Today, I sent this to the first beta users that signed-up to Blendle, my journalism startup backed by The New York Times and Axel Springer.
To our beta users, Today, Blendle starts its beta in the United States. And I’m really glad you’re part of it. Together with the biggest media companies in the country and 9,999 other beta users, we’re looking to reinvent how you can discover and support the best journalism in the country.
Journalism needs a Spotify, a Netflix, an iTunes — whatever you want to call it
Music has Spotify. Video has Netflix. But journalism still didn’t have its own dedicated platform. As a former technology journalist myself, I thought that the lack of such a platform for journalism was pretty strange. Spotify not only helps me access all music, it also makes it easy to discover the best songs, and makes paying for it feel like second nature.
That made me think, naturally, why it was that my beloved journalism still made me visit tons of different websites to read what I liked. Where the best stuff is often behind paywalls. Where I was having to rely on Facebook or Twitter to find the best articles through an abundance of noise about what my old neighbor was reading from The Lad Bible. Where adverts kept popping up to ruin that great piece about the migrant crisis in Europe. And where I was expected to figure out by myself what’s real journalism and what’s clickbait. It wasn’t nice, and, at a personal level, it made me pretty upset as a young guy hoping to make a career writing (what I thought was) good substantive journalism.
Journalism needs a Spotify, a Netflix, an iTunes — whatever you want to call it. One website that houses the best newspapers and magazines in the country, that allows people to browse through everything and only pay for the stories they like, where you can see what your friends recommended. And where it’s really easy to just get the 8 or 10 best stories published every day, and discover those really great pieces.
Nobody built it, so we did it ourselves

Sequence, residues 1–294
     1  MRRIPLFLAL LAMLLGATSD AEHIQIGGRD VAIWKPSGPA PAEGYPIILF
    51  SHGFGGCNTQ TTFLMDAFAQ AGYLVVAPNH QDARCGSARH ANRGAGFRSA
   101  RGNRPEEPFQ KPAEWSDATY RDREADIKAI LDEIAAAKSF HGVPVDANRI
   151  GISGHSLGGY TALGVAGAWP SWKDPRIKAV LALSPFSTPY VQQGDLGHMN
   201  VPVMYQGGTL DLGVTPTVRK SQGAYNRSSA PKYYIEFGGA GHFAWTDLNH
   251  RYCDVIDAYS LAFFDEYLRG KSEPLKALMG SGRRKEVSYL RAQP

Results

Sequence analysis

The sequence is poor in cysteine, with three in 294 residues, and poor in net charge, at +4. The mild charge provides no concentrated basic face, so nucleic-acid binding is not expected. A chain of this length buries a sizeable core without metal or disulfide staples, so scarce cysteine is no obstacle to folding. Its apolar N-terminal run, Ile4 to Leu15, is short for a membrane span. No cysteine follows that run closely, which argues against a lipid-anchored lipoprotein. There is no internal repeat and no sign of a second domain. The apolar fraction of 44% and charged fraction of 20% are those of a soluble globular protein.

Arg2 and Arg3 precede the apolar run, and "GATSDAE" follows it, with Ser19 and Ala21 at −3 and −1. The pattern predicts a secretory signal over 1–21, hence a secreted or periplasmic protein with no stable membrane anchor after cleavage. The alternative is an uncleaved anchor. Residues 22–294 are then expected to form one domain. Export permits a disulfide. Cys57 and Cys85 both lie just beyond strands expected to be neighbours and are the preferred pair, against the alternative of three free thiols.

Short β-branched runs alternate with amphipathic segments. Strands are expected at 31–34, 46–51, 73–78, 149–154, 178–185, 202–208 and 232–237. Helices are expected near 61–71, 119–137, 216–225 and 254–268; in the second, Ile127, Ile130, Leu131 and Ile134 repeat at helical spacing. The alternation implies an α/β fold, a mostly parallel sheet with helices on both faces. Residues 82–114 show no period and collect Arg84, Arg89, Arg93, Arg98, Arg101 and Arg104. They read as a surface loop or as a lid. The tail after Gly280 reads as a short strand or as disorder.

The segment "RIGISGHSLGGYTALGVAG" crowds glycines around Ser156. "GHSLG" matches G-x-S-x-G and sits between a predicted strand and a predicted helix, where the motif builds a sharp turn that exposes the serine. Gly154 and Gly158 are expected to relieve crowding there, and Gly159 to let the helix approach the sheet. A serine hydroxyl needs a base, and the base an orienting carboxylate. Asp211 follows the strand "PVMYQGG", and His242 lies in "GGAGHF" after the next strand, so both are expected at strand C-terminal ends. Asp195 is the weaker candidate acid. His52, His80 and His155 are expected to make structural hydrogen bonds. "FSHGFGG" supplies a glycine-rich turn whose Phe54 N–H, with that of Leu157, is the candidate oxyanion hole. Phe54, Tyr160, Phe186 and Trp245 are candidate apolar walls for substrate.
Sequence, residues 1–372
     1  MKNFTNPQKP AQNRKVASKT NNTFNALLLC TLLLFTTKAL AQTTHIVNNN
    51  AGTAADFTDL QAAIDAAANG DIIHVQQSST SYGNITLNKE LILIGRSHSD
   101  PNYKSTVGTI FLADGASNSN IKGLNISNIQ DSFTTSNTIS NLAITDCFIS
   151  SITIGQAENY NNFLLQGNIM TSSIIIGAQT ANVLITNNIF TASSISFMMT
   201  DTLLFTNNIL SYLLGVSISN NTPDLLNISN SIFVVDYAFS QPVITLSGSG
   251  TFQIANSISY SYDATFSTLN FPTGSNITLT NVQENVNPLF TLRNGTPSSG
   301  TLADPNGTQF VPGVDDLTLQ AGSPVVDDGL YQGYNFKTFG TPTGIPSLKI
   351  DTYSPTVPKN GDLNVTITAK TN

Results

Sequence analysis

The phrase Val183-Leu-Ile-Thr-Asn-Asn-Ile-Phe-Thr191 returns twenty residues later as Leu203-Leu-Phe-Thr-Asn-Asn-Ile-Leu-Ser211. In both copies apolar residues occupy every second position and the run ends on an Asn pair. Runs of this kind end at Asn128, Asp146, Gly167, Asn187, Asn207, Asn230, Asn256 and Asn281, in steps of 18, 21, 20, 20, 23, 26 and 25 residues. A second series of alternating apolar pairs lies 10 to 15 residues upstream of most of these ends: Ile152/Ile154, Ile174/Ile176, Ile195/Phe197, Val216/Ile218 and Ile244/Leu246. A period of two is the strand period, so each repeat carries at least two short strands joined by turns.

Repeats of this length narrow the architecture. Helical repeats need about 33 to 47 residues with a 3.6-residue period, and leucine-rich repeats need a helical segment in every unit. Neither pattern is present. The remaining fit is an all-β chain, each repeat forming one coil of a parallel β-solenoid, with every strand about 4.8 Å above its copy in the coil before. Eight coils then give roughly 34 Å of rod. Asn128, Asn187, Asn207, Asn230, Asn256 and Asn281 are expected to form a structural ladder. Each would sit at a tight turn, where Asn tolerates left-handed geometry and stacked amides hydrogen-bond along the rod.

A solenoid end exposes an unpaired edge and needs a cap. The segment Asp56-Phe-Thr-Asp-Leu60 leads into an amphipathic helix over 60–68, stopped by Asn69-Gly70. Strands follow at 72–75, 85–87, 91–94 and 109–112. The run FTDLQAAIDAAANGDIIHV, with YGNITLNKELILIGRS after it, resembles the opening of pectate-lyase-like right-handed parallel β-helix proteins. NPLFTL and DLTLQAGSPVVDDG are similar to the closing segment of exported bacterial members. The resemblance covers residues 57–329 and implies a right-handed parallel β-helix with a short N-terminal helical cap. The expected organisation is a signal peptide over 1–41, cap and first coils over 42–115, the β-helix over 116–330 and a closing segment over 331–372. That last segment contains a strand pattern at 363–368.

A couple of years ago we set out to build something that did just that, from our offices in The Netherlands. But there was one small problem we needed to deal with: getting the highest profile media brands in the world, from The New York Times to The Economist to Time Magazine all on board to license all of their content to us.
I once read about how Daniel Ek, when he started Spotify, just went knocking on all record label’s doors in Sweden. Made sure he spoke to everyone at the labels. And that when he got told ‘no’ he’d just try again and again.
So that’s pretty much what we did with publishers in the United States. Cold emailed magazine executives. Blatantly asked newspaper CEO’s to dinner via Linkedin. Tried to meet with every person in publishing I could think of. And then, every month, I just took a plane from Amsterdam to New York City to go on knock on all those doors. For about two years. Flying economy on the red-eye flight on Sunday evening, back on Friday evening: my girlfriend didn’t like me much.
So, you can probably sense that I’m a little bit excited today to be able to say that it’s beginning to pay off.
Together with almighty institutions like The New York Times, The Wall Street Journal, The Washington Post, Time Inc., The Financial Times, New York Magazine, Newsweek, Bloomberg Businessweek, New York Review of Books and many others, today we’re starting a groundbreaking experiment. Our aim? You guessed it: to help you find the best journalism from the very best publications in the country. And make it easier than ever to support it.
We did it before
I guess what gave me and the team here the confidence to try in the United States was that we did it before — getting all publishers in a country on board. We did it twice actually. The first country was a bit smaller than the US though: The Netherlands, our home. A country hidden on Germany’s left, to the right of the UK and slightly above France. 16 million people in total.